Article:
Army Game notes

Lafayette Game notes

I'm always happy to find another eastern college football blog, and Ramblings from the Bench is a Lafayette themed blog written by veteran sportswriter Paul Reinhard.

He's got a few articles out there that may be of interest to Army fans. Here's a puff piece on Andy Davidson and his return to his backyard.

Some people might think he would be a bit disappointed because, after a sophomore season in which he gained 910 yards and scored nine touchdowns, his production has decreased each year. He had 627 yards and five TDs in 2017 and has just 44 carries for 176 yards and two scores this season for a team that is 7-2.They would be wrong.“I’ve been redefined every year,” Davidson said. “You do whatever you have to do to help the team win, and thankfully, I’m playing my part the best I can and we’re winning a lot of games." 

Very interesting write-up for Army fans.

Alright here are the Army/ Air Force story, stats, highlights and replay.


Army 6-2

Tuesday, November 6, 2018

Bowl bound Army has a nice ring to it. In a way back-to-back-to-back bowl bids signals a shift in what Army football plays for. The academies will naturally covet the Commander in Chief's Trophy, that is Army's measuring stick, and even though the Black Knights haven't kept up pace with the CIC competition over the years - that has always been their goal.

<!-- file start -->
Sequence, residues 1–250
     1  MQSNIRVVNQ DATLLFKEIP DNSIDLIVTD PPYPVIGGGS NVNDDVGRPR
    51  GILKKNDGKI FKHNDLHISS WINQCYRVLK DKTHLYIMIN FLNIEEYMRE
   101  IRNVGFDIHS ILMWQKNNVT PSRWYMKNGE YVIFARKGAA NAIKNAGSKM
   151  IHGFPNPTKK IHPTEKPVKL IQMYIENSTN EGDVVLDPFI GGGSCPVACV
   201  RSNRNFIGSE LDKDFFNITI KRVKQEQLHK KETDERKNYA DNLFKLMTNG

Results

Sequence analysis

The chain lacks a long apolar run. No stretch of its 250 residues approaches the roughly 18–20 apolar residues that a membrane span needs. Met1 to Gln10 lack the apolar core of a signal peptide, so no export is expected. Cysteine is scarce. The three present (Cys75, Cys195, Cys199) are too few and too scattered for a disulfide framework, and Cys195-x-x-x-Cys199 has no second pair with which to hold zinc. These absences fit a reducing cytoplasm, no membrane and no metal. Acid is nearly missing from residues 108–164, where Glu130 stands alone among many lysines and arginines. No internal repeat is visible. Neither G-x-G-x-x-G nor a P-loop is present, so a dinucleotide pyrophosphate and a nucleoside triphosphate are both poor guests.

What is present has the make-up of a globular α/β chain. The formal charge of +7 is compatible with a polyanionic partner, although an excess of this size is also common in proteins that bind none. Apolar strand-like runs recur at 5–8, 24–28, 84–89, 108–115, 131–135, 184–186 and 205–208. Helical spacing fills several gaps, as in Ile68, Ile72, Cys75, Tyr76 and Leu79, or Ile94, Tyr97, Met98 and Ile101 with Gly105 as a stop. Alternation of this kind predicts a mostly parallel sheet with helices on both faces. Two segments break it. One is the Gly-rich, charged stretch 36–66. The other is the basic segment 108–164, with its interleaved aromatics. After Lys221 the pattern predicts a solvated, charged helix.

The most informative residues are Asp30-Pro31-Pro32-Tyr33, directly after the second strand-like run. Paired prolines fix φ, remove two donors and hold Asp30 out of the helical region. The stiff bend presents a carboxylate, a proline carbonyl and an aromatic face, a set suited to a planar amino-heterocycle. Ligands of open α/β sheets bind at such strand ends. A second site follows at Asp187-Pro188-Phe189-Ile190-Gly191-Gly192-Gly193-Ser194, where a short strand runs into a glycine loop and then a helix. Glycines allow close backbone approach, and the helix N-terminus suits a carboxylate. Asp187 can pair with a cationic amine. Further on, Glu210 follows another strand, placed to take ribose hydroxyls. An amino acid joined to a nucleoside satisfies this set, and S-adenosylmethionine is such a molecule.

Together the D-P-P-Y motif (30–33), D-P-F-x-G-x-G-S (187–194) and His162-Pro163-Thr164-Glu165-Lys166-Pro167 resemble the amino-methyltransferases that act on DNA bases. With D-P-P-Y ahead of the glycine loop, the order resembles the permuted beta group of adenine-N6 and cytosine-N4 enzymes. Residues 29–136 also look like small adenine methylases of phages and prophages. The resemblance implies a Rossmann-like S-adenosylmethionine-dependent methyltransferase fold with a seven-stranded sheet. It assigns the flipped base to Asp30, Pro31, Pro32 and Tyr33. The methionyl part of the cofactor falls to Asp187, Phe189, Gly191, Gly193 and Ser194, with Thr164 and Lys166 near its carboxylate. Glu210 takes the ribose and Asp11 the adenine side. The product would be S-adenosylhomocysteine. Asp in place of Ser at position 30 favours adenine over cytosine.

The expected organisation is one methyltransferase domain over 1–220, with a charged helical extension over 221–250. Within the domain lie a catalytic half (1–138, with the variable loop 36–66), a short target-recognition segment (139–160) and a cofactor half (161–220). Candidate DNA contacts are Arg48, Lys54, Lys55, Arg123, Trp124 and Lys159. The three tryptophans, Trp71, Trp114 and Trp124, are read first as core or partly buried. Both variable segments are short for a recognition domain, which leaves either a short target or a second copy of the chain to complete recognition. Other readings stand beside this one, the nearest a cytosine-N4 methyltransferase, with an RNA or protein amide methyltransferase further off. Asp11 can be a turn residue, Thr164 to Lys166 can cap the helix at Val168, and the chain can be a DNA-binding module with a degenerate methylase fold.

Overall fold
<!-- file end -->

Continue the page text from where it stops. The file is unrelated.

Bowl games have been so rare for Army football that until the last two years there has been virtually no postseason presence for Army. The expectation was never a bowl bid, and there were full decades where the Navy game was Army's chance at "post-season" redemption. The expectation of a bowl game every year is lofty; Army will eventually lose a game at home, and they shall lose some rivalry games and some road games -  maybe they drop a close one gambling on 4th down.... maybe they fumble a game away. Maybe they fumble two games away. It can all happen in some future season just like Army's bowl chances can be dashed by week 8. The 2018 Army team is built to win, and winning college teams play in bowl games.

We're looking at 3 straight years of bowl participation, and that can change the mood of a fan base. As for myself, I am just starting to get comfortable with the idea that Army routinely wins at football - Am I correct to expect Army to win? I think so. West Point crafts their own schedule, so winnable football games should be a common thing for Army. Would I be correct to expect a bowl game every year? No - I see the college postseason as a good team goal and a fine reward for the players and staff, but fans can sow a lot of disappointment by having inflated expectations of their favorite mid-major independent football team. I love that Army is attracting bowl interest, and I love that they have a post season bowl as one of the team goals. I don't think I will ever expect Army to go to a bowl year in and year out, but I will appreciate it when Army is selected. This will be the first time Army has made three straight bowl appearances. I think we all can agree that it's much more comfortable attaining bowl eligibility in week 9 as opposed to bowl selectors waiting for a 5-6 Army team to play Navy in mid December.

I have to say how much I like CBSSN's Army away game coverage. There was a time not too long ago where Eastern Michigan / Army games had so little TV interest the game at Ypsilanti might as well been played on the moon. This is the second time this year that CBSSN showed up for an Army away game and I appreciate CBSSN more and more every week. I noticed ESPN's poor camera work in the season opener at Duke - Television production can only expand so far and so fast, and with the ACC network ramping up television ops it's clear to me that ESPN has diluted its college football product.